On the face of it, the U.S. Supreme Court's ruling that the government should stay out of people's bedrooms seems reasonable enough. Had law evolved "ex nihilo"—from nothing—then indeed why not strike down Texas' ban on private consensual sex between adults of the same gender?
But until now there seemed to have been a consensus among societies with monotheistic traditions that all civil law was rooted in natural law, which is written upon created order and, as the apostle Paul put it, "graven on the heart of man."
Natural law is God's witness even to societies, which do not acknowledge him. Since time immemorial most healthy cultures have shared a belief that it is wrong to murder, steal, lie, commit adultery—and commit certain sexual acts considered deviate. This is not to say that for every violation of natural law, including homosexual behavior, people should be locked up or fined; if this were so, more straight than same-sex couples would find themselves behind bars, simply because the former outnumber the latter. Much of what is against natural law is thankfully no longer punishable.
However, much as we may agree on this, the Supreme Court has taken matters considerably further. "The court system legalizes the departure from natural law," warns the Rev. Gerald E. Murray, a Catholic priest and canon lawyer in New York. "The Supreme Court reads the current liberal agenda as if it were incorporated into the Constitution by those who wrote it. And with that the court is engaging in a major falsehood."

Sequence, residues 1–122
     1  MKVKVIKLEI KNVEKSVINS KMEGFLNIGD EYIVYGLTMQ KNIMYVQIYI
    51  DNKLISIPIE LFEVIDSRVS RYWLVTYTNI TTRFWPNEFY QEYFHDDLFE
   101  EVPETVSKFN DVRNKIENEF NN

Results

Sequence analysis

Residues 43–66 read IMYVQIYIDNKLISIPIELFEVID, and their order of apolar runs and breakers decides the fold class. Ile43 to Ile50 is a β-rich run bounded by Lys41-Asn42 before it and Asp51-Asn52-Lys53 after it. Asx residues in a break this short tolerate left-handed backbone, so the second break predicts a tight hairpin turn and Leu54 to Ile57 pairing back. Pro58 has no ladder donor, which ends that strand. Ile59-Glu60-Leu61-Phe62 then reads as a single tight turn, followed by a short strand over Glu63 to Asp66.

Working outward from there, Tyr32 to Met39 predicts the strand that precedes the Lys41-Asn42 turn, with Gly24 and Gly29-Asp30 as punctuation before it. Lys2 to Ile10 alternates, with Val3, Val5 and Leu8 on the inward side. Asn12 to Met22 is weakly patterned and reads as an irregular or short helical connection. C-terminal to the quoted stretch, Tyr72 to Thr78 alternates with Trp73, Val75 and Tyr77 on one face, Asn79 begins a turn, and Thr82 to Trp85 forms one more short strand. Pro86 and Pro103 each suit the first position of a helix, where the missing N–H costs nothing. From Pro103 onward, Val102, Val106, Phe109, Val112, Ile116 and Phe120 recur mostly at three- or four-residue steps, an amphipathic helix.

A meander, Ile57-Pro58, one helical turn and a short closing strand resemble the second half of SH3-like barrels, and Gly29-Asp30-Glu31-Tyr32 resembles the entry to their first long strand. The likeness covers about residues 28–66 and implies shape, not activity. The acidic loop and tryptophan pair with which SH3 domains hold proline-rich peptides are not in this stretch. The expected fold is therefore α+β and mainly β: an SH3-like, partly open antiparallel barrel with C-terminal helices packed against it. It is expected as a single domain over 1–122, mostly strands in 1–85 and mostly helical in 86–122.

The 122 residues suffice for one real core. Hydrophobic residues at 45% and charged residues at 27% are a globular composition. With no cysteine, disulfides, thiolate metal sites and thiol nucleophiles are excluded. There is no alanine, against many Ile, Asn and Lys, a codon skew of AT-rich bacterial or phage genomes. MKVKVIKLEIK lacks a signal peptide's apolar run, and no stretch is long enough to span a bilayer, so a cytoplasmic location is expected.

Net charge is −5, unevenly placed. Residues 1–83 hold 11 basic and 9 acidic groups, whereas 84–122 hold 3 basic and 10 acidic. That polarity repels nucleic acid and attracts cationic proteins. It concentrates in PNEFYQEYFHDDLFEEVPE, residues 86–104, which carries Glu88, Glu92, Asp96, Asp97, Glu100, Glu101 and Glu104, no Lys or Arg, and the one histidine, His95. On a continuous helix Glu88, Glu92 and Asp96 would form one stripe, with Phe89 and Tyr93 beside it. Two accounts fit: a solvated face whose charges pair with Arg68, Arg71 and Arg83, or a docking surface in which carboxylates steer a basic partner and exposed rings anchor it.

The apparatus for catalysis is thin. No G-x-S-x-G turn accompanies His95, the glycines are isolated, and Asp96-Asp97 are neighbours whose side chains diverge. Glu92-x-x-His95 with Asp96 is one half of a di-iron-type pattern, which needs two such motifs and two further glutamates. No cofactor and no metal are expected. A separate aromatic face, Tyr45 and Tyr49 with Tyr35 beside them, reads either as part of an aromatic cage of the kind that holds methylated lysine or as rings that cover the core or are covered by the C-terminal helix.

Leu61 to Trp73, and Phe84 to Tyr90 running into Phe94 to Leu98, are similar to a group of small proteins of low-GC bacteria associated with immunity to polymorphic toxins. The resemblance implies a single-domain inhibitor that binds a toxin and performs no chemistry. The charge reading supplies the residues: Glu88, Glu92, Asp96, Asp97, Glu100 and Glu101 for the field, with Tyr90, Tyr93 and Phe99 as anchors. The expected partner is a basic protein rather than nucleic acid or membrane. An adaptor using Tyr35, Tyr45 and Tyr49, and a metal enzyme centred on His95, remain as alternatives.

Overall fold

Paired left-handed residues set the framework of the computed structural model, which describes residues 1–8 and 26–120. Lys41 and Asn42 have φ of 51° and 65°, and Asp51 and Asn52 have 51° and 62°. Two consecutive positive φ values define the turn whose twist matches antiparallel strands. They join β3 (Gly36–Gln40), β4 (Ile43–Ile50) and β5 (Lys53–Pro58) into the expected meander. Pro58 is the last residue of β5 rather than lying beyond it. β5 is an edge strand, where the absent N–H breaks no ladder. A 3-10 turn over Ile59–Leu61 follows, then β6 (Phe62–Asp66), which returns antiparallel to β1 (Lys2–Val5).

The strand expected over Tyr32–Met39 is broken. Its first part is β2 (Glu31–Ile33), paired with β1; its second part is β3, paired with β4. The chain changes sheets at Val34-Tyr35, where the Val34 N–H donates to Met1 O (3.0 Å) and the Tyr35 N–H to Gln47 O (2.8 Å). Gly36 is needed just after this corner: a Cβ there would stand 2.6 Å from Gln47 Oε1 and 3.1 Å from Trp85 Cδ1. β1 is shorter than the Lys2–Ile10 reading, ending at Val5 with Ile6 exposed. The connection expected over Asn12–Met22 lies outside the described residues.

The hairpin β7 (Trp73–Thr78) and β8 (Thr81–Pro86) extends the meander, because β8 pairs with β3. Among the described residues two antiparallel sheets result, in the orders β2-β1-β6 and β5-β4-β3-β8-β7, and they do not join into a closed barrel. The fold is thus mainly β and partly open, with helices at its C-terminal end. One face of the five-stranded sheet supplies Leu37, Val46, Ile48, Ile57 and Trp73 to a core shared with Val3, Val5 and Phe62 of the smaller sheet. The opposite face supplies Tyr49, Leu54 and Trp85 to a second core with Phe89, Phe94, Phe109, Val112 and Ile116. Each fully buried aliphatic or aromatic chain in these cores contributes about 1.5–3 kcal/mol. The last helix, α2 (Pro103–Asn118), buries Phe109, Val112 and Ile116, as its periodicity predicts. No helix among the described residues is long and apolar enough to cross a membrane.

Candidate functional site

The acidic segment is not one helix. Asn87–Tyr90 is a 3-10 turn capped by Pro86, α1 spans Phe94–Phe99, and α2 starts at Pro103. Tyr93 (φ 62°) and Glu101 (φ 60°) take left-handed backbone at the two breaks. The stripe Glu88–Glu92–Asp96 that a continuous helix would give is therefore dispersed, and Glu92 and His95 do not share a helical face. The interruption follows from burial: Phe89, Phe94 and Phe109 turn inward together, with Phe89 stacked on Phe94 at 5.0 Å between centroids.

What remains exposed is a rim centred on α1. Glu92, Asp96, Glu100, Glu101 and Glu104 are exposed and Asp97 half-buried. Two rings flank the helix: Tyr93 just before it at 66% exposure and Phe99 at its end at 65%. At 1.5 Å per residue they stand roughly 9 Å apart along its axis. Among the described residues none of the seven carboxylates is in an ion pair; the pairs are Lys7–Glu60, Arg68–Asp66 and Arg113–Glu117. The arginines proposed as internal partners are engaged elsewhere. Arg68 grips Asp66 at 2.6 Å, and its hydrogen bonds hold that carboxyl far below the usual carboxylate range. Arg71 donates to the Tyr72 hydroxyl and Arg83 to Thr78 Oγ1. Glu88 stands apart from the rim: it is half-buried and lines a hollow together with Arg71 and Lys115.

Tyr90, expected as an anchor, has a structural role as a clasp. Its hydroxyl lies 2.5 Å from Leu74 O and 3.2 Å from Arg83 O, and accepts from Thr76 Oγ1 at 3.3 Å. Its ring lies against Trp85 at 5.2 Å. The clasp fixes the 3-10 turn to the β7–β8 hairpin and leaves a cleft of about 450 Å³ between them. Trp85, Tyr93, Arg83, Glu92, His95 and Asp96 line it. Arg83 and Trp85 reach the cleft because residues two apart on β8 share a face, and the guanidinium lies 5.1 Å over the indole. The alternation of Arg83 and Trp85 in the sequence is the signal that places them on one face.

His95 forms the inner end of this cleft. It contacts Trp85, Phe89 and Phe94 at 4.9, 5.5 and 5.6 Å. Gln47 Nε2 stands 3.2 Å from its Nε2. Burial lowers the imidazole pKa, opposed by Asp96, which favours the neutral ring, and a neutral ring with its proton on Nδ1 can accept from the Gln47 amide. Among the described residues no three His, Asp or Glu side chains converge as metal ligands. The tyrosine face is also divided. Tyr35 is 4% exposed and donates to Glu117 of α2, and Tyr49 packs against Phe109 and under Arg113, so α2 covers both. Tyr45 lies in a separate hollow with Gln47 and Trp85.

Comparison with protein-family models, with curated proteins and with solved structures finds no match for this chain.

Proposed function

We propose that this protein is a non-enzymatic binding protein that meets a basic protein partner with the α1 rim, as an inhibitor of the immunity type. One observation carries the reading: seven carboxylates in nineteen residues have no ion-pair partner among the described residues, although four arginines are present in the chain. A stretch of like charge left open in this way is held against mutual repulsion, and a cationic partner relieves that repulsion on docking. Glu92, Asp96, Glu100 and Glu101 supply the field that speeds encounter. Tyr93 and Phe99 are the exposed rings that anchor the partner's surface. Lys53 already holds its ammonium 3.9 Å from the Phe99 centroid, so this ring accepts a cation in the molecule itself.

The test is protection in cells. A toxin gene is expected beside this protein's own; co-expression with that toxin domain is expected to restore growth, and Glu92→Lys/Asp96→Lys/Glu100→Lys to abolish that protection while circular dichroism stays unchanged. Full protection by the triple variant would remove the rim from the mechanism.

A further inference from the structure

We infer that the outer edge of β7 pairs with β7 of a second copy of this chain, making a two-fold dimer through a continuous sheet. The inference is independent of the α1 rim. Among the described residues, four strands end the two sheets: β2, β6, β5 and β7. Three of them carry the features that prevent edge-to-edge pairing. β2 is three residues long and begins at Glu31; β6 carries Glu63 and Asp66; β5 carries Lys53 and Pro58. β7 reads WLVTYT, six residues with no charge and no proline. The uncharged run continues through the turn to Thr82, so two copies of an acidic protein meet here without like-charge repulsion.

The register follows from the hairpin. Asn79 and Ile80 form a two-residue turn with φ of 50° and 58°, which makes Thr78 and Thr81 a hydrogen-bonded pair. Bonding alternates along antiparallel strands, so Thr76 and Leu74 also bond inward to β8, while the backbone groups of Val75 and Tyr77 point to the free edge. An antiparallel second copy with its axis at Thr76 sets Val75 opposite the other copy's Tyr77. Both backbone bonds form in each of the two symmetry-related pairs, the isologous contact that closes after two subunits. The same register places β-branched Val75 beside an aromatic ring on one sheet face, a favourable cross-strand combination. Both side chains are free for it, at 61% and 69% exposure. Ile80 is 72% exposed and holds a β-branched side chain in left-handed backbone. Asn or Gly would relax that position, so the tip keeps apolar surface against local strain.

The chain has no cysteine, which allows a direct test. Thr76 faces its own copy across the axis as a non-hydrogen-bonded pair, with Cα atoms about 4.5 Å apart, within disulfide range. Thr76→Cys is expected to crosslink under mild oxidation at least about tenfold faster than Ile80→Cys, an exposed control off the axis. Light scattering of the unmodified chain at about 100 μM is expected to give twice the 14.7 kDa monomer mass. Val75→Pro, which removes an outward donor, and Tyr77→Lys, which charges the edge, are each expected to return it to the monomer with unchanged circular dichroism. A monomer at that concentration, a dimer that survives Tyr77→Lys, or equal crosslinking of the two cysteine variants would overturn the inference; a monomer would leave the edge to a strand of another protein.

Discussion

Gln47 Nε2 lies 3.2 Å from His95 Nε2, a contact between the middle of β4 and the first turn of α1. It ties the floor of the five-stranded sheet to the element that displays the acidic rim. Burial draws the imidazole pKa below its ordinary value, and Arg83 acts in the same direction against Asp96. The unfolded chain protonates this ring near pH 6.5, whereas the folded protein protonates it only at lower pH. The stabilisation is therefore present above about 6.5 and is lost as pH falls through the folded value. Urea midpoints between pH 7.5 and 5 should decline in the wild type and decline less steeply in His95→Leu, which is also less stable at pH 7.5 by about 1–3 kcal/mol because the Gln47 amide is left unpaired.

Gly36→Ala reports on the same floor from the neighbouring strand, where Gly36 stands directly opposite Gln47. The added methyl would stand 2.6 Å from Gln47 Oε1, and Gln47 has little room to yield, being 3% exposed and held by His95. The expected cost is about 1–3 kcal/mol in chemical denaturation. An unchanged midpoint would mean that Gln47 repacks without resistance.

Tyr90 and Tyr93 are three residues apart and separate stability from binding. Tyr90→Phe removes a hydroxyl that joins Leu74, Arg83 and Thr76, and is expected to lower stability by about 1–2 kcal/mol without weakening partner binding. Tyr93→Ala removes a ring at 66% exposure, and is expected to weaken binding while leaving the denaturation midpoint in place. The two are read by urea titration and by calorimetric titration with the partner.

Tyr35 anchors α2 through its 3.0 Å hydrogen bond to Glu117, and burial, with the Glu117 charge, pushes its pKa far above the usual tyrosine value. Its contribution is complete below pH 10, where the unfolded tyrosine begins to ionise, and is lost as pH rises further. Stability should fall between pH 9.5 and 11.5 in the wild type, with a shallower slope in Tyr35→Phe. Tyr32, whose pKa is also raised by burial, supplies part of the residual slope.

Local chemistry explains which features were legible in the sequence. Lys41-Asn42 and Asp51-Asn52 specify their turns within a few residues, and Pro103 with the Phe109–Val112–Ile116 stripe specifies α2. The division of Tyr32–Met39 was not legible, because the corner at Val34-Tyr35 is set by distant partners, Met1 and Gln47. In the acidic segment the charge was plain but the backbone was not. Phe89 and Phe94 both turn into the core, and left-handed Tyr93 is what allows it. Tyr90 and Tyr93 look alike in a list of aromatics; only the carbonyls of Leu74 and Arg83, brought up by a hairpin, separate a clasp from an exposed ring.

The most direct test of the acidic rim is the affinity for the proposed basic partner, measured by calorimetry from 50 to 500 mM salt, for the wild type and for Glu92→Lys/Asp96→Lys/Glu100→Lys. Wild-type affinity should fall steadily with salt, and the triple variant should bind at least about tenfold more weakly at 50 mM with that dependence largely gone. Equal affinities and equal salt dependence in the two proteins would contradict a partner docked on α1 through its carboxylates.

Of course, it is open to debate to "what extent civil law must follow natural law," allows the Rev. Gerald R. McDermott, an evangelical Episcopal priest and professor of religion and philosophy. Yet the Texas case has probably brought the United States closer to same-sex marriage, and that will have more egregious consequences, according to McDermott.
"Once marriage between homosexuals is legal, it will redefine the marriage between man and woman, which will then no longer be seen as a union marked by a life-time faithfulness to one partner, and not as a union open to procreation," he says.
"When both sexes are abandoned," thundered the 6th-century church father St. Cyprian, "this is clear proof of the ultimate corruption." By this the former bishop of Toulon in France meant the corruption of man's status as God's image, and image complete only by the union of husband and wife.
More than 14 centuries later another Frenchman, Jean Vanier, founder of L'Arche movement that fosters community life with people with developmental disabilities, described marriage as God's icon; it follows that seen from this perspective homosexuality is an idol because it does not point to the interdependence between husband and wife.
Murray raises another point: "On what grounds can we now declare prostitution, incest or polygamy illegal? At a recent international conference on human sexuality, Christl Vonholdt, a pediatrician and president of the German Institute for Youth and Society, warned of the many dangers inherent in a Canadian-style acceptance of same-sex marriage, a move that would further damage the public's perception of natural law. She pointed to the danger of a total annihilation of societal gender norms, a dearth of births, a deepening of the sexual confusion among the young, and disastrous medical and psychological reverberations. According to Vonholdt, 66 percent of all homosexuals die of diseases related to their sexual preference.